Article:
Complex Flunks Fed Inspection, Rakes In Fed $$
by Melissa Bailey | Mar 21, 2013 2:45 pm
Church Street South bombed a federal housing inspection, scoring just 26 points out of 100—while holding on to an estimated $3 million in federal money for the coming year.
The inspection took place at the 301-unit housing projects across from Union Station also known as “The Jungle.” Boston-based Northland Investment Corp., took over the complex several years ago with plans to tear it down and build a mixed-used development; conditions in the apartments have languished as redevelopment plans failed to materialize.
The federal Office of Housing and Urban Development (HUD), which spends $3 million per year subsidizing the apartments through its Section 8 program, stopped in on the complex on Jan. 29 to conduct routine Real Estate Assessment Center inspections. The agency released the inspection results last week in response to a records request from the Independent.
HUD inspected 24 apartments. It identified 12 systemic problems and 11 “life-threatening” health and safety violations. Health and safety violations included exposed electrical wires; blocked emergency exits; mold; tripping hazards; sharp edges and a missing lock on a utility door. Inspectors also noted damaged hardware/locks on doors; cracked walls; peeling paint on the floors of stairs and hallways; missing seals on outside doors; missing, damaged or inoperable refrigerators; damaged walls; and windows that either didn’t lock or would not open.
The overall score was 26c. The “c” indicates exigent health and safety concerns. HUD gave Northland three days to fix those urgent issues.
Click here to read the inspection report.
Mayor John DeStefano called the results “an expression of the lack of investment” by Northland in the complex. “The condition of the buildings overall in Church Street South has been a concern for a long time,” he said. “It’s not acceptable the way it is right now.”
DeStefano said the housing violations have come up in two contexts: Major problems, such as a dangerous CO leak that forced 26 people out of their homes; and amid discussions about the future of the site.
DeStefano said the city plans to get moving on a long-term solution by brokering a consensus among neighbors and politicians on a vision for the future of the site. “Northland would say they’re looking for direction from the city on what we’d like to see happen: Would we like to see it rehabbed? Or is there a broader vision?” Despite planning efforts funded by a federal grant, the city has failed to come up with a vision palatable to local legislators and the people who live there, the mayor said.
Northland Senior Vice President Peter Standish did not return repeated requests for comment for this story. In a letter dated Feb. 1, Northland replied to HUD that it had corrected all the “exigent” matters flagged in the report, according to HUD spokeswoman Rhonda Siciliano. She said the timeline for addressing the rest of the violations depends on the severity of each violation. “HUD will continue to work with the property owners to address the deficiencies identified in their REAC inspection that have not already been corrected,” she said.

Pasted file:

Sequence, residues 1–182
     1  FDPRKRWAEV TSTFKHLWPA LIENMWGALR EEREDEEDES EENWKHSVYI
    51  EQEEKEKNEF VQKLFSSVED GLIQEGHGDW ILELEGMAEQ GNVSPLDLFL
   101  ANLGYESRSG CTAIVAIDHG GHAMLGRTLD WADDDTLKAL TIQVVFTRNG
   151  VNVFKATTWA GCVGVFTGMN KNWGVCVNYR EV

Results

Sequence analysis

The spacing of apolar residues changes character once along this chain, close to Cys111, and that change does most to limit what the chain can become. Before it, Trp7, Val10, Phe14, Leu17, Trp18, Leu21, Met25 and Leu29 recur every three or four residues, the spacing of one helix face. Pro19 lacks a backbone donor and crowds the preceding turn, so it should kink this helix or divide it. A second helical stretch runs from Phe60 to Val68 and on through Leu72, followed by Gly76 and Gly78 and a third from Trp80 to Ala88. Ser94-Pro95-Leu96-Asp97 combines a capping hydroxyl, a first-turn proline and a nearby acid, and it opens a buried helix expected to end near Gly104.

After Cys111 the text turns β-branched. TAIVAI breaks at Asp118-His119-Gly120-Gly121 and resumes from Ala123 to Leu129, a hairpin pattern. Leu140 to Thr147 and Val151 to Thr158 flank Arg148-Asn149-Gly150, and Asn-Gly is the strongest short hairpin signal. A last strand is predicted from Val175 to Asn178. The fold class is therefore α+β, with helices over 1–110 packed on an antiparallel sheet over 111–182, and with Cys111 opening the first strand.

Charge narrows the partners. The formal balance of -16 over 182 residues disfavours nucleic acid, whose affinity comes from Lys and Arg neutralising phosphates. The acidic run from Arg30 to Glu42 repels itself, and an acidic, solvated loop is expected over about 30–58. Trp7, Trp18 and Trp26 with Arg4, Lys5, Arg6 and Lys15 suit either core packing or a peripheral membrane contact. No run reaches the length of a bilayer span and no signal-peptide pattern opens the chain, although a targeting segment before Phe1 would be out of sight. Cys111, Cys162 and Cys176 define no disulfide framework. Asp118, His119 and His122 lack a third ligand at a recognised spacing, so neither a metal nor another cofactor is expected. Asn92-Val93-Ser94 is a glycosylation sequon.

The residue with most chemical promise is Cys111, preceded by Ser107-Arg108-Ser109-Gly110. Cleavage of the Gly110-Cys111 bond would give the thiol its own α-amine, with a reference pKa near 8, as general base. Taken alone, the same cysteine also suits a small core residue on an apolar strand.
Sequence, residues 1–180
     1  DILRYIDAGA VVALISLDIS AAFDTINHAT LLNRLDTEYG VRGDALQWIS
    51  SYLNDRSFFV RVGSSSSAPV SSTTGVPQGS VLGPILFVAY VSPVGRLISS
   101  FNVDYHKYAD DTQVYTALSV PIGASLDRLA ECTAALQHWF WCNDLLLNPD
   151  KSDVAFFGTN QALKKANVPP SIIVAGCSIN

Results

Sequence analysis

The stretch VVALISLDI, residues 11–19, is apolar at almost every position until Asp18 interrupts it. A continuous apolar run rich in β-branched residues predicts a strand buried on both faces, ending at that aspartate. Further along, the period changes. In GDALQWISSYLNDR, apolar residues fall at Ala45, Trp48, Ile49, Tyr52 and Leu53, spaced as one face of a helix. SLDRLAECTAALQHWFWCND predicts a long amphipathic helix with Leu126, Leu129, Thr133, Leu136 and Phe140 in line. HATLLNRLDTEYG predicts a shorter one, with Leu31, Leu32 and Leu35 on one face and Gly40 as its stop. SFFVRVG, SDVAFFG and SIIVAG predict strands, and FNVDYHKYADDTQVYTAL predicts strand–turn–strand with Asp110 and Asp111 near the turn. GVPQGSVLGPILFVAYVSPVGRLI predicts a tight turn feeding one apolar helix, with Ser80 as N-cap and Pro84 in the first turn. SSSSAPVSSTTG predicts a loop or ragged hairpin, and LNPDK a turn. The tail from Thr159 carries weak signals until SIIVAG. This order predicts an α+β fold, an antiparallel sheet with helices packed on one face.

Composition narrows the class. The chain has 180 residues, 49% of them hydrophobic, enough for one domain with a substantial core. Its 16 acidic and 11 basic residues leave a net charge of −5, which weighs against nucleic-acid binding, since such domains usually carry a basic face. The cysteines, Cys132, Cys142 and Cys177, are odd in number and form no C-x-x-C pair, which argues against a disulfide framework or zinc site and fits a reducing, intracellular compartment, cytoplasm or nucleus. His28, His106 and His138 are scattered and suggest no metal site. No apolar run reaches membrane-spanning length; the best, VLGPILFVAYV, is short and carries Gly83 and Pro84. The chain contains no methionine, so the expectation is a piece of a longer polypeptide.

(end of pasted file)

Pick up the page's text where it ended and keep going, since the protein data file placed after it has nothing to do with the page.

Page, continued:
City inspectors recently determined that dilapidated conditions persist. In a surprise inspection during Winter Storm Nemo on Feb. 12, inspectors found 60 of 100 apartments in violation of city code. City inspectors are due back at the complex on March 28 to follow up.
The persistent problems haven’t slowed the money spigot from Washington. Siciliano said Northland receives a monthly payment from HUD for the 301 Section 8 apartments, depending on how many are occupied in a given time and how much income the tenants make. In the past 12 months, HUD awarded Northland $2,990,248. Siciliano said HUD can halt payment on the subsidy based on a poor inspection report, but has not done so.
The federal inspection lagged about a year behind HUD’s own inspection timeline. HUD inspections are supposed to be performed “every three years if scores are above 90, every two years if the score is above 80 and at least annually for all others,” according to Siciliano.
The last time HUD inspected Church Street South was September 2010, when Northland received a 68. That means HUD should have inspected again in 2011; however, it did not do so until January 2013. Siciliano said the agency did not inspect sooner because of “HUD funding availability for inspections nationwide.”
The money for the upcoming year wasn’t riding on the inspections, according to Siciliano: HUD had already renewed the complex’s annual contract prior to the inspections. One failing inspection report does not preclude renewal of that contract, she said.
DeStefano said he recently met with top HUD brass in Washington, D.C. about the state of the complex. “We expressed our concern about the failure” on the inspection reports.
He accepted some responsibility on the city’s part to give Northland guidance on how to proceed. At issue, he said, is “Do you fix what’s there to some reasonable standard, or do you attempt to do a redevelopment” like Elm Haven or Q Terrace?
“The owner will turn to us and say, ‘So what do you want us to do?’”
DeStefano said the city, tenants and local lawmakers need to come up with an answer. “We feel there needs to be a community process that articulates a vision for the development and their families.”
One tenant interviewed Wednesday urged officials to “tear up” the complex, so long as she gets a Section 8 voucher to take elsewhere. In her five years living there, Erika Torres said she has encountered various problems, including water leaking from a toilet into a bedroom ceiling, mildew, peeling paint, and a broken fridge. She said the landlord did replace her kitchen cabinets and her fridge one year ago. The landlord has “slowly and surely” made some improvements, she said, but “overall, there’s a downfall” in the condition of the complex.